2 Chronicles 29:33
And the consecrated things were six hundred oxen and three thousand sheep.
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EXPOSITORY (ENGLISH BIBLE)
(33) The consecrated things.—That is, the victims for the thank-offerings. (2Chronicles 35:13.)

2 Chronicles 29:33. The consecrated things were six hundred oven, &c. — That is, the offerings consecrated to God, besides the burnt-offerings already mentioned, namely, the peace-offerings and thank-offerings, the fat of which was burned upon the altar, and the flesh divided between the priests and the offerers. Of these there was a still greater number than of the burnt-offerings. Perhaps the remembrance of their sin in sacrificing on the high places, made them more willing to bring their sacrifices now to God’s altar.29:20-36 As soon as Hezekiah heard that the temple was ready, he lost no time. Atonement must be made for the sins of the last reign. It was not enough to lament and forsake those sins; they brought a sin-offering. Our repentance and reformation will not obtain pardon but in and through Christ, who was made sin, that is, a sin-offering for us. While the offerings were on the altar, the Levites sang. Sorrow for sin must not prevent us from praising God. The king and the congregation gave their consent to all that was done. It is not enough for us to be where God is worshipped, if we do not ourselves worship with the heart. And we should offer up our spiritual sacrifices of praise and thanksgiving, and devote ourselves and all we have, as sacrifices, acceptable to the Father only through the Redeemer.Hezekiah addresses, not the priests, but the congregation: "Now that by the atoning sacrifice which has been offered for you, you are consecrated once more to be a holy people to the Lord, approach with confidence and offer your free-will offerings as of old."

Burnt offerings - The term thus translated is applied especially to those victims which were to be wholly consumed upon the altar. In the "sacrifices," or peace offerings generally, and the "thank offerings" - a particular kind of peace offering Leviticus 7:12) - the greater part of the victim belonged to, and was consumed by, the worshipper. Hence, to offer "burnt offerings," was indicative of a "free heart."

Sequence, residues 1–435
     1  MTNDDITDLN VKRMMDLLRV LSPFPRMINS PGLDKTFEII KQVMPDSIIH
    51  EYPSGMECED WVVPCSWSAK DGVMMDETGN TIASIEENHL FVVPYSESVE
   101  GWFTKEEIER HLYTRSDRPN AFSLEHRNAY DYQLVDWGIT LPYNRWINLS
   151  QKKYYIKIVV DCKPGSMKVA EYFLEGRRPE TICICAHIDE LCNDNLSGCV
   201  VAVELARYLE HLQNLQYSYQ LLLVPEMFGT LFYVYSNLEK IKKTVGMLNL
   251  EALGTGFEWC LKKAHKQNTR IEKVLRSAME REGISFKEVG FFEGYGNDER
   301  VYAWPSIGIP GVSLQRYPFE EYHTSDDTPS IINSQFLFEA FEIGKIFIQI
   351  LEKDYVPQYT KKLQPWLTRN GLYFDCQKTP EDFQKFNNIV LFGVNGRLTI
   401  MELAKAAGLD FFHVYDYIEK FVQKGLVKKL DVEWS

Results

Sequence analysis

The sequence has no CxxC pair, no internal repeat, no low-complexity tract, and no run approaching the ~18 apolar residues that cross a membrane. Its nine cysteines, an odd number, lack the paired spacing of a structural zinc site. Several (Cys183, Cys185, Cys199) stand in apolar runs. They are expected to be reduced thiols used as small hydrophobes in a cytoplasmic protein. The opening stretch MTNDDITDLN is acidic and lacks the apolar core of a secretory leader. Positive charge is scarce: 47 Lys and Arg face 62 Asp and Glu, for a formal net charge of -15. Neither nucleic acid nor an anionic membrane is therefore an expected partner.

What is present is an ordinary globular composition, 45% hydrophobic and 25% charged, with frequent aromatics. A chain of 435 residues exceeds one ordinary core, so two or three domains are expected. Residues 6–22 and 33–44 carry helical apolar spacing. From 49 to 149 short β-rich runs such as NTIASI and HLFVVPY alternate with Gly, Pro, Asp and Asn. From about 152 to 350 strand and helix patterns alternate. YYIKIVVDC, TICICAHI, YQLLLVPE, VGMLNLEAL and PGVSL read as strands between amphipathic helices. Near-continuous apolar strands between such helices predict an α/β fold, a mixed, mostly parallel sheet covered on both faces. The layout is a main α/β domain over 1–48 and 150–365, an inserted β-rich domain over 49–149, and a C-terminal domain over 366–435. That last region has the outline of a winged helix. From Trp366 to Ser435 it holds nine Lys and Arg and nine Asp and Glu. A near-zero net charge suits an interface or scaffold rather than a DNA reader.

31. Hezekiah … said, Now ye have consecrated yourselves unto the Lord, come near—This address was made to the priests as being now, by the sacrifice of the expiation offerings, anew consecrated to the service of God and qualified to resume the functions of their sacred office (Ex 28:41; 29:32).

the congregation brought in—that is, the body of civic rulers present.

i.e. All the offerings consecrated to God besides the burnt-offerings already mentioned. And the consecrated things,.... Which were devoted for peace offerings, of which the owners had a part: were six hundred oxen, and three thousand sheep; which was a much lesser number than what were offered upon occasion in the times of David and Solomon, the nation being poorer; and besides, these were only the oblation of two tribes, they of all Israel. And the {p} consecrated things were six hundred oxen and three thousand sheep.

(p) That is, for the holy offerings.

EXEGETICAL (ORIGINAL LANGUAGES)
33. the consecrated things] The term was applied (1) to gold and other valuables offered in the Temple; cp. 2 Chronicles 15:18; 1 Chronicles 13:8-11; (2) to those parts of the various sacrifices which were assigned to be eaten by the priests; Leviticus 21:22 (“the holy [bread]”); Leviticus 22:2-3; Leviticus 22:15 (“the holy things”). Here the reference is more general, i.e. to the thankofferings (2 Chronicles 29:35) themselves.Verse 33. - The consecrated things; Hebrew, הַקָּדַשִׁים. Not the word just discussed in ver. 31; these are the thank offering sacrifices. דויד כּלי are the musical instruments the use of which David introduced into the public worship; see 1 Chronicles 23:5. - The first clause, 2 Chronicles 29:27, "And Hezekiah commanded to offer the burnt-offering upon the altar," is repeated from 2 Chronicles 29:21 to form a connection for what follows: "At the time when the sacrificial act began, the song of Jahve commenced," i.e., the praising of Jahve by song and instrumental music (יהוה שׁיר equals ליהוה שׁיר, 1 Chronicles 25:7), and (the blowing) of trumpets, "and that under the leading (ידי על) of the instruments of David." This is to be understood as denoting that the blowing of the trumpets regulated itself by the playing of the stringed instruments-suited itself to the song and the music of the stringed instruments.
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